From Lowe's Curiosities of Heraldry: “It does not seem to have occured to these allegorizing worthies that the tincture of a charge may be diametrically opposed to the signification assigned to the charge itself. For example, the coat ‘Vert, a bull's head or’ by the armilogical rules cited above, would signify, as to the tinctures, pleasure and joy, while as to the charge it would mean rage and fury. Again, ‘Purpure, a wolf argent’ would mean ‘a wrangler with a peacable disposition!!’”
I'm an Academic Herald. I'm not a "real" herald; I don't design and register people's coats of arms (though I can certainly suggest designs for those who might be interested). What I do is study, research, teach, and write about heraldry. (You can find some of my books about heraldry and a list of my articles and presentations about heraldry at "Our Website" below.) And I like to share what I have learned about heraldry, hence this blog. I hope that you'll find it informative, interesting at least occasionally, and worth your time to come back. Got a question? Comments? Feel free to ask or let me know. I'd love to hear from you. You can find my contact information in my Profile.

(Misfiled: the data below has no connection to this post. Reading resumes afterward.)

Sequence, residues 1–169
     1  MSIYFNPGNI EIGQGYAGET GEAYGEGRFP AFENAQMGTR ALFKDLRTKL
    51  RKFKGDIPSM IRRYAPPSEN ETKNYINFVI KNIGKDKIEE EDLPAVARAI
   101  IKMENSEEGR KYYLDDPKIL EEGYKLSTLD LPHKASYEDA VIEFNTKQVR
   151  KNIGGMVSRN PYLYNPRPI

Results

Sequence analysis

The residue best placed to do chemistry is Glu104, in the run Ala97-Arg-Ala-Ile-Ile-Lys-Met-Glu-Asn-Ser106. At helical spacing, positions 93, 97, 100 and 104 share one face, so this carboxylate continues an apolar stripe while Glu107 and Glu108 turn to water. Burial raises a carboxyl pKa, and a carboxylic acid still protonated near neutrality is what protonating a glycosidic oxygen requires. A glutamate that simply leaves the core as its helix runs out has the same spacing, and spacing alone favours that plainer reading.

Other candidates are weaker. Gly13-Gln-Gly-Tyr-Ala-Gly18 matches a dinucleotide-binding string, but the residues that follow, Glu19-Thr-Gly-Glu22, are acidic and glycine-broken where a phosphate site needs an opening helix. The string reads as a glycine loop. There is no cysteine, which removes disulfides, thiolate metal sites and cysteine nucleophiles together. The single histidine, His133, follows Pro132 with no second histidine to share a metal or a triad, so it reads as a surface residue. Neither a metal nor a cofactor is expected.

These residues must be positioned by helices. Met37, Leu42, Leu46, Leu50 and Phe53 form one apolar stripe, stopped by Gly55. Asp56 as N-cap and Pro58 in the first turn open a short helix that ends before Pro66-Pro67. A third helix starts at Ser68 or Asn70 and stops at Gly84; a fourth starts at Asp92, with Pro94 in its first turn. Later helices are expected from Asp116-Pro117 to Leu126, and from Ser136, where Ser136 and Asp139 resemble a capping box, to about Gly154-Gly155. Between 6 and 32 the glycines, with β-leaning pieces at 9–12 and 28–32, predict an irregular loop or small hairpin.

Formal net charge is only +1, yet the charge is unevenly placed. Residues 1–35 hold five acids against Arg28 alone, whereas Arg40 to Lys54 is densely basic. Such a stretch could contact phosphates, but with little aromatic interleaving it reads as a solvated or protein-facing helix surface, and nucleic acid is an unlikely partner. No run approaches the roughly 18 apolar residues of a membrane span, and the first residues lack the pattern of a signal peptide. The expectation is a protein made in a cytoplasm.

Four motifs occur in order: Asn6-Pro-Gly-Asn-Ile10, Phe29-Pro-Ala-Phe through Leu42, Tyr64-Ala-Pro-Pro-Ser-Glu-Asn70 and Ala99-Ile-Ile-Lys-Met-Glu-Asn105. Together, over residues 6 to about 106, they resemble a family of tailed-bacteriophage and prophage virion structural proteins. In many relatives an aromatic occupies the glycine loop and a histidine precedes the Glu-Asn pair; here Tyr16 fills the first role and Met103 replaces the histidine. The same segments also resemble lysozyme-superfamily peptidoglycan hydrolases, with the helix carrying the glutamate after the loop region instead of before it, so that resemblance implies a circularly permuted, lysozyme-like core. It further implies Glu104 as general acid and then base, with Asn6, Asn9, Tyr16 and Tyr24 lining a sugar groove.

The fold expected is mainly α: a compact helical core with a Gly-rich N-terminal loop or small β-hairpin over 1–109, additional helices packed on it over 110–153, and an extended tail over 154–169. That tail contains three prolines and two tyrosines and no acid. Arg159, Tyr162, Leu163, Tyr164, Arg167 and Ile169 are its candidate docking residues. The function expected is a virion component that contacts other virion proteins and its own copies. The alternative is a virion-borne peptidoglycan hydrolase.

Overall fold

Have you ever wanted to know a little bit about the squadron and group emblems, the “heraldry,” of the U.S. Air Force? How they are designed, or what meanings they attribute to the various tinctures? A Guide to Air Force Heraldry by William M. Russell, revised in 1996 by Col. Alan H. Clair and Julian C. Godwin of AFHRA, the Air Force Historical Research Agency, can be read, and downloaded, on-line at http://www.scribd.com/doc/31358578/A-Guide-to-Airforce-Heraldry. This little booklet (29 pages) is a decent introduction to USAF heraldry, though some of it gets a little technical at times. (Well, to be honest, it’s not really designed for the general reader, with chapters like “Processing Air Force Emblems.”)